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Riding through fear: a mother’s journey of trust

How can we let go of fear to parent with trust? Here, a mother shares her journey and the joys that came with it.

“In the early stages of the pandemic when only outdoor activities were allowed in our state, my then-13-year-old son, Daniel, asked if I could take him to a skateboarding park. But, for me, the word ‘skatepark’ immediately brought to mind drugs, crazy people, and danger all around.  I told Daniel my concerns and he said he and a school friend could go together.  I took solace in the thought that Daniel was with a friend the whole time at the skatepark, but still worried about drugs and so I would often talk about the dangers of drug use. At one point, Daniel looked me straight in the eye and said, ‘Mom, just tell me not to do drugs and that’s it.’  So I did. And that was it.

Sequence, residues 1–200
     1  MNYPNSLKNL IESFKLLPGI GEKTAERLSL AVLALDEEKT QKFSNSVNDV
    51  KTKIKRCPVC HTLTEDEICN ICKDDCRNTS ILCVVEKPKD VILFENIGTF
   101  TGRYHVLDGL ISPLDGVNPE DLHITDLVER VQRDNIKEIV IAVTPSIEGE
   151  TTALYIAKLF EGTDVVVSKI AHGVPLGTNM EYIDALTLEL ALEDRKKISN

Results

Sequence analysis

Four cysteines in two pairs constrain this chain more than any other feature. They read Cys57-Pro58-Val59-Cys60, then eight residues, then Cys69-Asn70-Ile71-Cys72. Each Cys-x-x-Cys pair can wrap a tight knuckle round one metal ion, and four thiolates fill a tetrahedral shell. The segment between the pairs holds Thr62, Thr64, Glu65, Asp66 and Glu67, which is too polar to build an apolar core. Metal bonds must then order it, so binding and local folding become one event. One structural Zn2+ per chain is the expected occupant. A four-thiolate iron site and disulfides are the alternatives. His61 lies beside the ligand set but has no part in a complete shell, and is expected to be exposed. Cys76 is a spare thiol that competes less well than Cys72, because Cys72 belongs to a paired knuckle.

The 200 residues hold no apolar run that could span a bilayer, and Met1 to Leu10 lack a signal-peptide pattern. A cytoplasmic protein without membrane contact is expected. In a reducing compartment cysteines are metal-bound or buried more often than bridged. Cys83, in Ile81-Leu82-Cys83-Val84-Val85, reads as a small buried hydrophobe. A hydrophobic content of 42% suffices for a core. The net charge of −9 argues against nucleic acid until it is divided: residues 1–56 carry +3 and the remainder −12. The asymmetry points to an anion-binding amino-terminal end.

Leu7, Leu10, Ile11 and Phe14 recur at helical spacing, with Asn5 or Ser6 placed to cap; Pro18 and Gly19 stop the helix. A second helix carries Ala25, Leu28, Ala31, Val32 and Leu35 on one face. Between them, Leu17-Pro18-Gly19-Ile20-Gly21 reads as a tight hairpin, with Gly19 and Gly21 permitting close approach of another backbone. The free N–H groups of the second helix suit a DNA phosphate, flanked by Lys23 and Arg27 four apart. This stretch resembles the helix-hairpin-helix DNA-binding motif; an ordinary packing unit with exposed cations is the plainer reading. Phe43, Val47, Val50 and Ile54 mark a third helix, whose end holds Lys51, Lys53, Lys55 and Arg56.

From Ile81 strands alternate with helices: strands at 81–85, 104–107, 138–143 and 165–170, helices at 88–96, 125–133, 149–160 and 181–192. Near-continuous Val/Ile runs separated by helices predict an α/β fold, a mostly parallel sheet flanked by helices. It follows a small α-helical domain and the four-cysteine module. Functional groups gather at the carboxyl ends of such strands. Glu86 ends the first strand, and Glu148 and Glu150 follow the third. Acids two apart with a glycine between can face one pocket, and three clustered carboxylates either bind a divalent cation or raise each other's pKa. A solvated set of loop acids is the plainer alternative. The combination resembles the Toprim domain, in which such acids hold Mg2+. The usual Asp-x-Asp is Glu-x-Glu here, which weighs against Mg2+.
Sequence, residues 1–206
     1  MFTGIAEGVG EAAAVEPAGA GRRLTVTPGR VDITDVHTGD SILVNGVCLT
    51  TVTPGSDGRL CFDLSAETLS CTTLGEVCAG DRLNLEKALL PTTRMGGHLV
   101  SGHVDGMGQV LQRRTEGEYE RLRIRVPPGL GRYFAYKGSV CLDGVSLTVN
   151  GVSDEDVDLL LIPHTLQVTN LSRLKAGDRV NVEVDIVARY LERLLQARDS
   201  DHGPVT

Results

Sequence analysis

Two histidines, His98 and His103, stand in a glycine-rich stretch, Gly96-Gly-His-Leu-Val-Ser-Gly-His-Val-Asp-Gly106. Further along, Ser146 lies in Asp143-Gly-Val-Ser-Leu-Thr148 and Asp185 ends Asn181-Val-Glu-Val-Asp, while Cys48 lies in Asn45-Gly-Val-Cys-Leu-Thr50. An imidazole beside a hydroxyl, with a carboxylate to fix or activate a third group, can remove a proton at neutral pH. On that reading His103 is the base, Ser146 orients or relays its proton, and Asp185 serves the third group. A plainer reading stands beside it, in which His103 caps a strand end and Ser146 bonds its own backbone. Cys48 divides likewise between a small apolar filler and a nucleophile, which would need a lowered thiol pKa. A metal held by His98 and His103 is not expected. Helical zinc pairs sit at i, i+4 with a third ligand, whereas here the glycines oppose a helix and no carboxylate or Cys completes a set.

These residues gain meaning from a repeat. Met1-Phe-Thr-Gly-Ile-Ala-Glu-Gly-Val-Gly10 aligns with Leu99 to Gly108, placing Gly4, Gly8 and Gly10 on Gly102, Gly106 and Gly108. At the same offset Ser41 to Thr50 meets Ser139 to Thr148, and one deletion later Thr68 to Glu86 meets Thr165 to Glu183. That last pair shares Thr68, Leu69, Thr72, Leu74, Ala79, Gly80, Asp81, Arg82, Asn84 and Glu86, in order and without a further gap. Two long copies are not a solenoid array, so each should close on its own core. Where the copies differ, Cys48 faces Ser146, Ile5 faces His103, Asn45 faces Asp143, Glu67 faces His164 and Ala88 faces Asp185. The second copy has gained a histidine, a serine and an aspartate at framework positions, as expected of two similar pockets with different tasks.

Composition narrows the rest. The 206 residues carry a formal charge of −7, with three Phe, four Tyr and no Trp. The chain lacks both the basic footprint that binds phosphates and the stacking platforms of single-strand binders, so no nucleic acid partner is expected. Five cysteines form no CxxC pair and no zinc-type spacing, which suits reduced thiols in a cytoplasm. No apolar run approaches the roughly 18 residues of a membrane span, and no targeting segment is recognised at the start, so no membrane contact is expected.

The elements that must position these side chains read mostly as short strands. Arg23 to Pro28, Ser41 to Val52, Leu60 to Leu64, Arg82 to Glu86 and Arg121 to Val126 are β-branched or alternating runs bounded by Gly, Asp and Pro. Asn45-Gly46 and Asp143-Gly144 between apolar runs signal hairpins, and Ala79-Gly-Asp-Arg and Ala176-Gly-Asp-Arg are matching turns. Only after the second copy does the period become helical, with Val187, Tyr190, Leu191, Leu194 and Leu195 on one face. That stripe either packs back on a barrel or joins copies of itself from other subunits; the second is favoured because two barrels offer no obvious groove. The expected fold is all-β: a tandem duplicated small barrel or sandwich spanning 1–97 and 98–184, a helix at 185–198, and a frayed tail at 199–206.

I looked past my fears and, through active listening, learned to speak his language.  

Now 17, Daniel has been to many different skate parks on his own and encountered many kinds of people –  good kids, troubled kids, grown up skateboarders who would caution kids on making bad choices.  He has also made a few good friends at the skatepark.  He is now a high school senior busy applying to colleges and in his application essays, he talks about how the skatepark helped him feel accepted and in turn, become a more accepting person. He also talks about how good it felt when the skateboarders came together to paint the skatepark to make it look nicer. 

P.E.T. helped me to hear my son out through active listening and communicate my concerns through I-messages.  While things were not always perfect at home, having a parenting framework certainly helped to navigate more difficult conversations.”